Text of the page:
The Editorial Executive Committee welcomes letters, which should be less than 250 words. Before a decision to publish is made, letters which refer to a published article may be sent to the author for a response. Any letter may be sent to an expert for comment. When letters are published, they are usually accompanied in the same issue by their responses or comments. The Committee screens out discourteous, inaccurate or libellous statements. The letters are sub-edited before publication. Authors are required to declare any conflicts of interest. The Committee's decision on publication is final.


Letter to the Editor

Editor, – In June 2003 the Therapeutic Goods Administration (TGA) instructed Sigma Pharmaceuticals to reduce the shelf-lives of Oroxine and Eutroxsig - the Australian brands of thyroxine - from 24 months to 12 months (with refrigeration). This was in light of evidence that their potency was reduced at the end of their shelf-life. Sigma, following consultation with the TGA, has been able to extend the shelf-life of these products to 18 months (with refrigeration), with a maximum unrefrigerated period of 4 weeks (below 25°C).

While Thyroid Australia understands and appreciates the TGA's efforts to ensure the potency of thyroxine for the entirety of its shelf-life, we view the change to refrigeration as a retrograde step in the treatment of hypothyroidism in Australia.

We are concerned that this change could have a negative impact on compliance. In addition, it seems Australia is the only country where thyroxine tablets require refrigeration. In many countries the shelf-life unrefrigerated is much longer than 18 months. This leads Thyroid Australia to question the TGA's approach to remedying potency issues with thyroxine. Addressing the matter by introducing refrigeration places the burden on patients.

Due to thyroxine, hypothyroidism is a readily treatable condition. It enables affected individuals to lead very close to normal lives. This change moves hypothyroidism from a condition that can be easily lived with, to a condition that impinges upon everyday life. In particular, it places limits on travel and spontaneity. We hope that refrigeration is only an interim measure until a more viable long-term solution is found.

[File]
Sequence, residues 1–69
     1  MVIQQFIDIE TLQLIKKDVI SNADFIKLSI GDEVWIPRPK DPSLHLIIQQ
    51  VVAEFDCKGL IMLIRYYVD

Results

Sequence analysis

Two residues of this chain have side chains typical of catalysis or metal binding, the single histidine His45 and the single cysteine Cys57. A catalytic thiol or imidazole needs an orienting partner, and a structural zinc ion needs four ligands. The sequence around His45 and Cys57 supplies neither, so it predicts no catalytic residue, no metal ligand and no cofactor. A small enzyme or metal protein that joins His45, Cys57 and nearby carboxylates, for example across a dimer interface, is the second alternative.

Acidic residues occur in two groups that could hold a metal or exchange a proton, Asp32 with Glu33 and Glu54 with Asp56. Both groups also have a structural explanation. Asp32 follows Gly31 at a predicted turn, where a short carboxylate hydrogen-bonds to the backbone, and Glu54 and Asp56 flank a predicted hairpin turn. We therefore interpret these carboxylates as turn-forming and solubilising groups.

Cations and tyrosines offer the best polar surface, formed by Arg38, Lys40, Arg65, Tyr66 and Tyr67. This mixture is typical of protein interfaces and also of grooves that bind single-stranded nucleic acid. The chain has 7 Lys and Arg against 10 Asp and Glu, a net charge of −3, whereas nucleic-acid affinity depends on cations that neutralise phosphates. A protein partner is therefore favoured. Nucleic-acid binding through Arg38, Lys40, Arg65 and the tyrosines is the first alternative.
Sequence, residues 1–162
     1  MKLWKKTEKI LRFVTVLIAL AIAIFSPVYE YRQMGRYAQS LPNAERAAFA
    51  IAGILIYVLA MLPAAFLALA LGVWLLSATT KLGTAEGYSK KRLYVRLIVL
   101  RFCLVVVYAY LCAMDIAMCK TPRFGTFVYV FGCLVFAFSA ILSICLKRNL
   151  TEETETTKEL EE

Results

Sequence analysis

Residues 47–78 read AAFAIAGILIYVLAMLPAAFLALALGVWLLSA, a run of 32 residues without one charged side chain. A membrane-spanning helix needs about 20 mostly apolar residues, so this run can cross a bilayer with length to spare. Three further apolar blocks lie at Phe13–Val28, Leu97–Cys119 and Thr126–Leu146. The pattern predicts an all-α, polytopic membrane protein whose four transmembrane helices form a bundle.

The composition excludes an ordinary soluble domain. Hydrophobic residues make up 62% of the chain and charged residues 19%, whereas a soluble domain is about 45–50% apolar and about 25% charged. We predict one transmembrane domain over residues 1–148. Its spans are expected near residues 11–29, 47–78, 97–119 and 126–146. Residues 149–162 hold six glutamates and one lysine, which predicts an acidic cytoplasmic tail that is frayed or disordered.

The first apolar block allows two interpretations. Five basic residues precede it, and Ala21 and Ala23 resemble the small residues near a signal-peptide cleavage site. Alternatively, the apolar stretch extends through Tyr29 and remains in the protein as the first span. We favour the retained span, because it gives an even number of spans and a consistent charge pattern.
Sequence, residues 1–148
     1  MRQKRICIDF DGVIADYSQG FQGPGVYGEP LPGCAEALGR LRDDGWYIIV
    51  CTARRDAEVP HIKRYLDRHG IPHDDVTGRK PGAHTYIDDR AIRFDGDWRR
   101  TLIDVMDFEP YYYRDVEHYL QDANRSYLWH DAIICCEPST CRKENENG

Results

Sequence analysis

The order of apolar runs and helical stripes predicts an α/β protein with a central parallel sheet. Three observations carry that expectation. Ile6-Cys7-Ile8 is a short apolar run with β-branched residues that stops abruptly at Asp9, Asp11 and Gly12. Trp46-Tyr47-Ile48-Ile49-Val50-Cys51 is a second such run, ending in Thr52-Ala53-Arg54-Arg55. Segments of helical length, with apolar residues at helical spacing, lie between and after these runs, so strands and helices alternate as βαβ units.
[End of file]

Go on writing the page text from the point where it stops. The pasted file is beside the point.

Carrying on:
Gail Pascoe
President, Thyroid Australia


Author's comment

Dr Leonie Hunt, Assistant Secretary, Drug Safety & Evaluation Branch, Therapeutic Goods Administration, comments:

The Therapeutic Goods Administration has been working with the manufacturer and sponsors of thyroxine tablets to review the potency of the tablets throughout their shelf-life. There have been a number of consumer complaints about apparent lack of potency of thyroxine tablets over time. It is apparent that these tablets do not maintain their full potency if stored at room temperature.

For this reason it has been considered necessary to change recommended storage conditions of the tablets so they are now recommended to be stored in the refrigerator. It is essential that there be no significant variability in the potency of tablets either within any one bottle of tablets or between successive bottles of tablets. Refrigerated storage will assist in this endeavour.

The shelf-life of a medicine in any country will depend on a number of factors including the manufacturing within that country, room temperature conditions and factors related to the final formulation sold in the market place. What is important is that the shelf-life and storage conditions chosen for a market place result in the brands in that market place having reliable stability and potency over time.


Editorial note

Sigma Pharmaceuticals, the manufacturer of thyroxine tablets, did not wish to add to the discussion.

Gail Pascoe

President, Thyroid Australia Melbourne